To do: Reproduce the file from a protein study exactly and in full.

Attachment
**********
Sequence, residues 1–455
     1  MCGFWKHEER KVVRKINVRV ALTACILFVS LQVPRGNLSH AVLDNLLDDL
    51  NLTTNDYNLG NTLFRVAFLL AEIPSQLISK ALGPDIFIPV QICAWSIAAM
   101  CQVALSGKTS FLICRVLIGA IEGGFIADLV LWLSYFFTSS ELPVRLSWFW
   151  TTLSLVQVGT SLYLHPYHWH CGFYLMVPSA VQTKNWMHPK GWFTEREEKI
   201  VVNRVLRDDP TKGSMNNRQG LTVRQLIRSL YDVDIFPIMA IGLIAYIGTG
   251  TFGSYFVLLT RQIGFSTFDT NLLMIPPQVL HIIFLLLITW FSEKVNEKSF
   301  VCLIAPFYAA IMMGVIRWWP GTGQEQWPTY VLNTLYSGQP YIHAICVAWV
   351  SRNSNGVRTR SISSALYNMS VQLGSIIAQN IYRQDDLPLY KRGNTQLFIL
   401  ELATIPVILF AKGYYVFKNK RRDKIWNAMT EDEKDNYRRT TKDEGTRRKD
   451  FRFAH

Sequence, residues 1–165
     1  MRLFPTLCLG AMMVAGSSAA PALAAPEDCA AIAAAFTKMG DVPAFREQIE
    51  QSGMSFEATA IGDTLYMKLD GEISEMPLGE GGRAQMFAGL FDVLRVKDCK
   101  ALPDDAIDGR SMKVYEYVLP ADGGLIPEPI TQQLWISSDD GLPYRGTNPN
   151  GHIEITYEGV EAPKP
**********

Sequence, residues 1–455
     1  MCGFWKHEER KVVRKINVRV ALTACILFVS LQVPRGNLSH AVLDNLLDDL
    51  NLTTNDYNLG NTLFRVAFLL AEIPSQLISK ALGPDIFIPV QICAWSIAAM
   101  CQVALSGKTS FLICRVLIGA IEGGFIADLV LWLSYFFTSS ELPVRLSWFW
   151  TTLSLVQVGT SLYLHPYHWH CGFYLMVPSA VQTKNWMHPK GWFTEREEKI
   201  VVNRVLRDDP TKGSMNNRQG LTVRQLIRSL YDVDIFPIMA IGLIAYIGTG
   251  TFGSYFVLLT RQIGFSTFDT NLLMIPPQVL HIIFLLLITW FSEKVNEKSF
   301  VCLIAPFYAA IMMGVIRWWP GTGQEQWPTY VLNTLYSGQP YIHAICVAWV
   351  SRNSNGVRTR SISSALYNMS VQLGSIIAQN IYRQDDLPLY KRGNTQLFIL
   401  ELATIPVILF AKGYYVFKNK RRDKIWNAMT EDEKDNYRRT TKDEGTRRKD
   451  FRFAH

Sequence, residues 1–165
     1  MRLFPTLCLG AMMVAGSSAA PALAAPEDCA AIAAAFTKMG DVPAFREQIE
    51  QSGMSFEATA IGDTLYMKLD GEISEMPLGE GGRAQMFAGL FDVLRVKDCK
   101  ALPDDAIDGR SMKVYEYVLP ADGGLIPEPI TQQLWISSDD GLPYRGTNPN
   151  GHIEITYEGV EAPKP